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The relationship between smell and drinking is highlighted by a study carried by a team at Edge Hill University in England, published in the journal Psychopharmacology for March 2016. The study, by R Monk, J Sunley, AW Qureshi and D Heim shows that olfactory cues are partly responsible for the desire to consume alcohol.
The team reached this conclusion based on the results of a computer test in which the reaction times of 40 participants were measured, together with the accuracy of the responses and the number of false alarms (unjustified reactions). The rate of false alarms given by the group of subjects who were exposed to the smell of alcohol was considerably higher than for a group exposed to neutral olfactory cues. Also, the reaction times of the first group were slower. The team was able to determine that exposure to olfactory stimuli of this sort can induce a person to drink, or to drink more. By way of explanation, the researchers propose that exposure to the smell of alcoholic drinks reduces the subjects’ capacity for self-control.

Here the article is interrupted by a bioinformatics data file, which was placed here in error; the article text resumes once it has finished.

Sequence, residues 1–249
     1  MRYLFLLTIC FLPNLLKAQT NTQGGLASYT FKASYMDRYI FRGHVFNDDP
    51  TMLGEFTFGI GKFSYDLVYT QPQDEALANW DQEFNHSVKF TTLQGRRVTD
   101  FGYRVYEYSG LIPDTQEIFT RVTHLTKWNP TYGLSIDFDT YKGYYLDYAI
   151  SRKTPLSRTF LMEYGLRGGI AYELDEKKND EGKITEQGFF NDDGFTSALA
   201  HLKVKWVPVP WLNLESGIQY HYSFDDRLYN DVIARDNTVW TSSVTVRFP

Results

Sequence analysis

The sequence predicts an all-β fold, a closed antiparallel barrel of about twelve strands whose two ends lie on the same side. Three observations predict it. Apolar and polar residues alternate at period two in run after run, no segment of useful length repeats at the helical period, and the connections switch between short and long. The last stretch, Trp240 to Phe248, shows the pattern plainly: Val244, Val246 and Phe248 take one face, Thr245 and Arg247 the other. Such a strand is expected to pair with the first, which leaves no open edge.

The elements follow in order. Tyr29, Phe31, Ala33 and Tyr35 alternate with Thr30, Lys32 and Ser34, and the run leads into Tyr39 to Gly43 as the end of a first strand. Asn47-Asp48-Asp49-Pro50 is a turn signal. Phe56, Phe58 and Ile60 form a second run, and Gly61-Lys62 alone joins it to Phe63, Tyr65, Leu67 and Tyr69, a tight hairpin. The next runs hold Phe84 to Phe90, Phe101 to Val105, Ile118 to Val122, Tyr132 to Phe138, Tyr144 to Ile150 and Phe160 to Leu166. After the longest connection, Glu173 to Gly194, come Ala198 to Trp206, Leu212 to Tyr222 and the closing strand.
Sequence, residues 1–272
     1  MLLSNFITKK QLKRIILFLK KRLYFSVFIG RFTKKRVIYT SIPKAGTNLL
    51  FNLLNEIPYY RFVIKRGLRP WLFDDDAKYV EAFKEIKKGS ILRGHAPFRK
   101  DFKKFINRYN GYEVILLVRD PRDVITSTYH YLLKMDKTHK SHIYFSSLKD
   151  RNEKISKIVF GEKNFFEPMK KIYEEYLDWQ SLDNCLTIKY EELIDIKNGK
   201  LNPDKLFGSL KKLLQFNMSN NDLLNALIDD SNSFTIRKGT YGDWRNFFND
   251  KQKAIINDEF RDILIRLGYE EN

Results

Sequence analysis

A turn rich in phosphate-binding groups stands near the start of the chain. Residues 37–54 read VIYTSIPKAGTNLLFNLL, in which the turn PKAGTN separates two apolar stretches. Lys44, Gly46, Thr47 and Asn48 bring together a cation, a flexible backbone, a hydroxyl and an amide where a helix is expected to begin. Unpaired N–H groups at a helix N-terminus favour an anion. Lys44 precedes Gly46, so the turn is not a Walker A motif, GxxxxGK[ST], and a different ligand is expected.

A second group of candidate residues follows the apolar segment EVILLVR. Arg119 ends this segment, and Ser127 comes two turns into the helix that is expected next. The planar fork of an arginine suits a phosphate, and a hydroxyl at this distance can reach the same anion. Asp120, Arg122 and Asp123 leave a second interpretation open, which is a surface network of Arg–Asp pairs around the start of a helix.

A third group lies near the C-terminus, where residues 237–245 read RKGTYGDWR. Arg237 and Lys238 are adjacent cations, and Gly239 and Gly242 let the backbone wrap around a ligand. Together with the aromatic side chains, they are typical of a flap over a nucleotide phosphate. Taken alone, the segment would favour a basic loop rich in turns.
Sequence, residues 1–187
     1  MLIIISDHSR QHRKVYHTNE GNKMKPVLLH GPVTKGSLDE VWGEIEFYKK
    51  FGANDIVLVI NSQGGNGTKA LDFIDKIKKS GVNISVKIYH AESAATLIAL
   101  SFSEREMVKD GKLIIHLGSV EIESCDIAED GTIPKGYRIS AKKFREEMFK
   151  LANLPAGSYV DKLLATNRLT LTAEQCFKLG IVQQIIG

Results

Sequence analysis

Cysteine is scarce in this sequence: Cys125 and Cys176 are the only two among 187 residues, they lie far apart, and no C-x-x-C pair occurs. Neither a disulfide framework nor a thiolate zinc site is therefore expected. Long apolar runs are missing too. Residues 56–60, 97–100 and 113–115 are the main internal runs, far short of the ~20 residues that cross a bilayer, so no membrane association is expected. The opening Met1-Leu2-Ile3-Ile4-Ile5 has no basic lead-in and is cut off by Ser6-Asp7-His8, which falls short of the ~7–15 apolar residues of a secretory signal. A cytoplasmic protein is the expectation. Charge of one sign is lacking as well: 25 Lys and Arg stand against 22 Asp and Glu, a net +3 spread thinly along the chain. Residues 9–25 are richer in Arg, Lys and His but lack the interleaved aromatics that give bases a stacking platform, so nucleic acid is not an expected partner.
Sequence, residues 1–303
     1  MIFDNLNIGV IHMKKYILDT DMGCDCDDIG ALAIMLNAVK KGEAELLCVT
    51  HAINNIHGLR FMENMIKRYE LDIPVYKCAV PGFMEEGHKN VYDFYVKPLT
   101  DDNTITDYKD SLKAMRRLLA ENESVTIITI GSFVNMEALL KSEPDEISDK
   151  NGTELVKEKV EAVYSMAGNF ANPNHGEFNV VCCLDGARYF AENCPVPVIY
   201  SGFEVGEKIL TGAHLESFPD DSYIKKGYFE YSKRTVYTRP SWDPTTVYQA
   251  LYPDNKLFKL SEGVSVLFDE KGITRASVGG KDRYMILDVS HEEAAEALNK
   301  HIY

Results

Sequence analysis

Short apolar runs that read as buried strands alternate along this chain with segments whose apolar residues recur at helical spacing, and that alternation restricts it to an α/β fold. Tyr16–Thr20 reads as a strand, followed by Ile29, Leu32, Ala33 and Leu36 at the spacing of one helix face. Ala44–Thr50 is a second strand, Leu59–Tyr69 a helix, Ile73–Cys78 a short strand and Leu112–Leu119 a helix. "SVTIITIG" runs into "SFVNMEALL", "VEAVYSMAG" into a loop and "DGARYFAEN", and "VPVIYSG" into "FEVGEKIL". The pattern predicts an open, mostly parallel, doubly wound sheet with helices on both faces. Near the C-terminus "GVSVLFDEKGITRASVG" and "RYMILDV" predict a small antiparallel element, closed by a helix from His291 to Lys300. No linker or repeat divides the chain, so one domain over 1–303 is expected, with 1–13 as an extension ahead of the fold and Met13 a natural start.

The study does not propose that the smell of alcohol encourages addiction, but it does rather make us wonder. It’s better for people who are struggling against this kind of addiction to avoid olfactory encouragement.